Apr 2006

Comment spam

Almost anyone with a blog that allows reader comments will be familiar with the problem of ‘Comment Spam’. This is the practice of posting a comment for no other reason than to create one or more links from your website to another one. This is not in the hope that people will follow that link, but rather to help with search-engine placement.

See, search engines rank sites using complex algorithms that take into account numerous factors. One of those factors is the number of other sites that link to them. So a website about basket-weaving, for instance, which has a thousand links to it will – all else being equal – appear higher in Google or MSN searches than one with only a hundred links to it. Given that search engines generate large amounts of traffic, and people tend to click on search results higher up the list, it makes sense from a commercial standpoint to try and maximise the number of incoming links your site has.

Yet another example where commercial interests conflict with ethical ones. Because although it may be a small issue, it is nonetheless a dishonest practice. If the owner of a basket-weaving site spends time adding links to their site on blogs, it creates a false impression of how popular that site is. Again, a relatively minor issue in the grand scheme of things, but one which nonetheless makes the internet as a whole less reliable. A thousand people saying “This site is great” means far more than one person (the site owner) saying it a thousand times. Yet currently search engine technology cannot distinguish between the two, so you may find yourself getting all your basket-weaving tips from a dreadful site run by a dishonest spammer rather than the excellent one that is recommended by lots of people.

As I say; it’s a dishonest, unethical practice carried out by people with no real sense of decency or fair play. Nasty scum basically. The kind of people you’d cross the road to avoid. Unsurprisingly the main purveyors of comment spam are porn sites and online casinos… neither of which I object to on principle, but both of which – in practice – tend to have a significant whiff of exploitation and unpleasantness about them.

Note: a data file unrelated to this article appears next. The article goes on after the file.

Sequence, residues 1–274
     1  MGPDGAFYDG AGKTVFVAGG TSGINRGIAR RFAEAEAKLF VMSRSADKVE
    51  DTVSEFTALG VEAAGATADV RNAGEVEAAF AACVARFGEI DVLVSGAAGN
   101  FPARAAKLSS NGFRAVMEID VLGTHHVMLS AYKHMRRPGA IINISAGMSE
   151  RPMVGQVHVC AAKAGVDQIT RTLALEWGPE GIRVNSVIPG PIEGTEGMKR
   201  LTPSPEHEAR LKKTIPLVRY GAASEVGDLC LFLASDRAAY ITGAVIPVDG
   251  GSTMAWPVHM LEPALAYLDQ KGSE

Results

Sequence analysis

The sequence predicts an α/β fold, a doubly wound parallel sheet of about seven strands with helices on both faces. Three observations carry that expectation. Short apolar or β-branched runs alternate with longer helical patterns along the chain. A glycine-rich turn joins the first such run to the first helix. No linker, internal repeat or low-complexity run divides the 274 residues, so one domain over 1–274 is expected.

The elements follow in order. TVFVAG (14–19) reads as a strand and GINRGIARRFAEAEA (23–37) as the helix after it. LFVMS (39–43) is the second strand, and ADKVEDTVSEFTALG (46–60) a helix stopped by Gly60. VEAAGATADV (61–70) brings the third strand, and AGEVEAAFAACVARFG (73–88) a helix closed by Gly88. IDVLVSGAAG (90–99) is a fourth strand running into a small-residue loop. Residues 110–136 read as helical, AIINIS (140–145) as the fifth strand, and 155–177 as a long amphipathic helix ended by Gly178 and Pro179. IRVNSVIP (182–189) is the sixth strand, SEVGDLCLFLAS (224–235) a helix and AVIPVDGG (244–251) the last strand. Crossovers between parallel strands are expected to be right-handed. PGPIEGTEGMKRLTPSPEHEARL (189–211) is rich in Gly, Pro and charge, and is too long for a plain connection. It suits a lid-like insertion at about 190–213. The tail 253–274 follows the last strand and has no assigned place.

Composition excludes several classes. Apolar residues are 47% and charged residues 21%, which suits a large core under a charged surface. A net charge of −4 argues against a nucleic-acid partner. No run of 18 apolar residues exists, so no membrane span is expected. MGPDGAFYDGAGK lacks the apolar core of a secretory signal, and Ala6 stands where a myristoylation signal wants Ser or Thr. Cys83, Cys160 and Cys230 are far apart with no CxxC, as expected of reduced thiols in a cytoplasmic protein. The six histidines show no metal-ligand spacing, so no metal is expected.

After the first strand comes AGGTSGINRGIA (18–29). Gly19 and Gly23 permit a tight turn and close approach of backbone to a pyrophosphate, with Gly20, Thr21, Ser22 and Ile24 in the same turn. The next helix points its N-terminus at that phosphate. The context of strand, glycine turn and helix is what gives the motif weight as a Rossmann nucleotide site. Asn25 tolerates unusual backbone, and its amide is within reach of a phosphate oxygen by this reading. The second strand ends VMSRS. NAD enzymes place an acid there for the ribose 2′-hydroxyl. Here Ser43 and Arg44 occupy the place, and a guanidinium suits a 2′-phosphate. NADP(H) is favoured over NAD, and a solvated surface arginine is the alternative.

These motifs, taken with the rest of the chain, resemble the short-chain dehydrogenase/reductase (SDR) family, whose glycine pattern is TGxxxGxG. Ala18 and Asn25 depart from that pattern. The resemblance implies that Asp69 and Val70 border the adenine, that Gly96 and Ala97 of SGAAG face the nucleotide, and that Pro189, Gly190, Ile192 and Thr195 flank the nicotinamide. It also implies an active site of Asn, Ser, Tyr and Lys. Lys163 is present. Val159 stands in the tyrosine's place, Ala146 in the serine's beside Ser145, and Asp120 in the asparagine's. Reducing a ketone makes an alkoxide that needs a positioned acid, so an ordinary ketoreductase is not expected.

Sometimes, however, you get comment spam that is simply perplexing. Recently, for example, I’ve had the same comment posted to every single one of the posts on this blog. It reads: “Great article. I am just sad I dont know how to reply properly, though, since I want to show my appreciation like many other.”

A very nice thing to say. The first time it appeared I approved it for publication. It sounds like someone for whom English is not a first language and who wishes to express their appreciation of your writing, but doesn’t quite have the words (the singular of the word “other” gives away the potential non-native-speaker). Soon afterwards, however, the same comment began to spring up on every blog post (including the ones that are just an image and a link). I realised therefore that it was comment spam and deleted them all.

What is perplexing about it, however, is the fact that the spammer doesn’t include any links in the actual comment, and the web-address they provide (which links from their name – Bonifacious) doesn’t work. Ergussumatrras dot com. There’s nothing there; leastways not yet; so as comment spam it’s a complete waste of time. Not only unethical and dishonest, but utterly incompetent too.

The Assassination of Richard Nixon